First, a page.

Lake Tahoe Dam Anniversary
100th Anniversary Celebration Held for Lake Tahoe Dam
Kenneth Parr and Pablo Arroyave standing by the memorial plaque
Reclamation, in partnership with the Truckee Meadows Water Authority and the Truckee Carson Irrigation District, celebrated the 100th anniversary of the completion of Lake Tahoe Dam with a ceremony at the dam in August 2013.
The celebration began with welcoming remarks by Kenneth Parr, Reclamation; Cindy Gustafson, Tahoe City Public Utility District; and Herman Fillmore, Washoe Tribe of Nevada and California. A Tribal invocation was given by Washoe Tribal member Melba Rakow.
Speakers included Pablo Arroyave, Reclamation; California Assemblyman Brian Dahle; Lucas Ingvoldstad, representing Nevada Sen. Harry Reid; Rocklund “Rocky” Deal, representing California Congressman Tom McClintock; Steve Davey, representing California State Senator Ted Gaines; Brian Barton, California State Parks; Elwood Lowery, Pyramid Lake Paiute Tribe; Mike Carrigan, Truckee Meadows Water Authority; and Ernest Schank, Truckee Carson Irrigation District. The ceremony concluded with the unveiling of a memorial plaque.
|Melba Rakow, Washoe Tribal Elder, gives invocation||Visitors at the luncheon|
Lake Tahoe Dam, part of Reclamation’s Newlands Project, was constructed to control the top six feet of Lake Tahoe, or some 732,000 acre-feet of water. It is a concrete slab and buttress structure standing 18.2 feet high and 109 feet long and has 17 vertical gates that regulate the outflow from Lake Tahoe to the Truckee River. In 1981, the dam was listed on the National Register of Historical Places and is now an integral feature in Tahoe City.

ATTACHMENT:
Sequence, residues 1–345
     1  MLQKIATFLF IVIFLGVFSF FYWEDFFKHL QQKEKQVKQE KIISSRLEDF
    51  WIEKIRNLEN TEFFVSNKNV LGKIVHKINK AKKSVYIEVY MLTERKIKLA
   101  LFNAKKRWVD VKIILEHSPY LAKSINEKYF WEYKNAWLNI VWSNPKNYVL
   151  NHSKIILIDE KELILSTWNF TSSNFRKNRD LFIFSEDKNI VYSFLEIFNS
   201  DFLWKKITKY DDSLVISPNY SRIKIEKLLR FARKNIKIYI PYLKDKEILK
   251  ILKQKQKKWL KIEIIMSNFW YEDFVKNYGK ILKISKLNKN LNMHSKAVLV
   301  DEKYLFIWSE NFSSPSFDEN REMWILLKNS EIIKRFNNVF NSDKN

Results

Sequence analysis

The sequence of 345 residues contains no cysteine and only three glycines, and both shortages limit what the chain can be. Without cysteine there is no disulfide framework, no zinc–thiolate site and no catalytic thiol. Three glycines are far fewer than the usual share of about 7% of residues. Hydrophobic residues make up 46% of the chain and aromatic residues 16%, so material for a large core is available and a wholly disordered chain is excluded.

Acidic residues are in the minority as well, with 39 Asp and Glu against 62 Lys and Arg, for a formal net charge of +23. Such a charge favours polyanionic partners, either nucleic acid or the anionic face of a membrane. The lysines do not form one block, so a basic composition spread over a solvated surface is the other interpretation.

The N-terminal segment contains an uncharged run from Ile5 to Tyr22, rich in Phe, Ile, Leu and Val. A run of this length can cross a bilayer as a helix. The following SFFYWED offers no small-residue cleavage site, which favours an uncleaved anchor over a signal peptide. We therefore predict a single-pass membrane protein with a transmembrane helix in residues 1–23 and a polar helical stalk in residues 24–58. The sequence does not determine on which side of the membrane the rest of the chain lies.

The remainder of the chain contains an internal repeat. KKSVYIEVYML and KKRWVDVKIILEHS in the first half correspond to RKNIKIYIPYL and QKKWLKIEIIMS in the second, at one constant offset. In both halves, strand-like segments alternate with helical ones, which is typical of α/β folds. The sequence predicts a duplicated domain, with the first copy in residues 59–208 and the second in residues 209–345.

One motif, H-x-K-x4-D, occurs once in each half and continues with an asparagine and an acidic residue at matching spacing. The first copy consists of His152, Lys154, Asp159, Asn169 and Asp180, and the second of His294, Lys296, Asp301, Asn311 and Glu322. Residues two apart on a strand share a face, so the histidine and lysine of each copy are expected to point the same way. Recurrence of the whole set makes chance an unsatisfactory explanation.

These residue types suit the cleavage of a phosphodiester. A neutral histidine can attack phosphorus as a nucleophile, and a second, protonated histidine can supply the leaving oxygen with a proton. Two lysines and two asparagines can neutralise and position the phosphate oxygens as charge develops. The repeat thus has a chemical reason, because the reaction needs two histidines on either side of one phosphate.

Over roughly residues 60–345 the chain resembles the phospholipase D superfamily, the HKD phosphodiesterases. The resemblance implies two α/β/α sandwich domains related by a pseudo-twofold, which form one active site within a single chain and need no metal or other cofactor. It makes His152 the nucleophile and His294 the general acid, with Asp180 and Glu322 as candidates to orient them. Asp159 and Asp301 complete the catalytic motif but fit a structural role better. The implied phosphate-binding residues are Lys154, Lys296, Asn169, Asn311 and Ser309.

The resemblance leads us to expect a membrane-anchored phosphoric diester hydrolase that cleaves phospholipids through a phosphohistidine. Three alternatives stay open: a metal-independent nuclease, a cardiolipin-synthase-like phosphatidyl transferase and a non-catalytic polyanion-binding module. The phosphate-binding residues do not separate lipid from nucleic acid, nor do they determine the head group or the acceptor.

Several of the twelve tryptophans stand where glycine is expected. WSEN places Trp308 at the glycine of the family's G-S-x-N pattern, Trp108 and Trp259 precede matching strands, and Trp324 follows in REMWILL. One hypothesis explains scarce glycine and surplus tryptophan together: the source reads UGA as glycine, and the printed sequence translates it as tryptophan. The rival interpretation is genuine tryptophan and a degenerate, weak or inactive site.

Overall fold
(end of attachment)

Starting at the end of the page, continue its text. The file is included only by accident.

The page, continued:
During his comments, Arroyave, deputy regional director for the Region, said, “The Bureau of Reclamation was formed in June 1902 when President Theodore Roosevelt signed the Reclamation Act. One of our very first authorized projects was right here: the Truckee-Carson Project, today known as the Newlands Project. And so, in 1903, just one year after Reclamation was established, we began to build the Truckee-Carson Project, which includes Lake Tahoe Dam.”
The dam’s 100th anniversary celebration began a four-day community event organized by the North Lake Tahoe Historical Society, Tahoe City and the Tahoe City Public Utility District which were also celebrating Tahoe City’s 150th and Tahoe City Public Utility District’s 75th anniversaries.
|Mid-Pacific Regional Deputy Director Pablo Arroyave addresses crowd gathered to celebrate the 100th anniversary of Lake Tahoe Dam||A bronze commemorative plaque stands in front of Lake Tahoe Dam for viewing by visitors during the anniversary ceremony|
February 28, 2014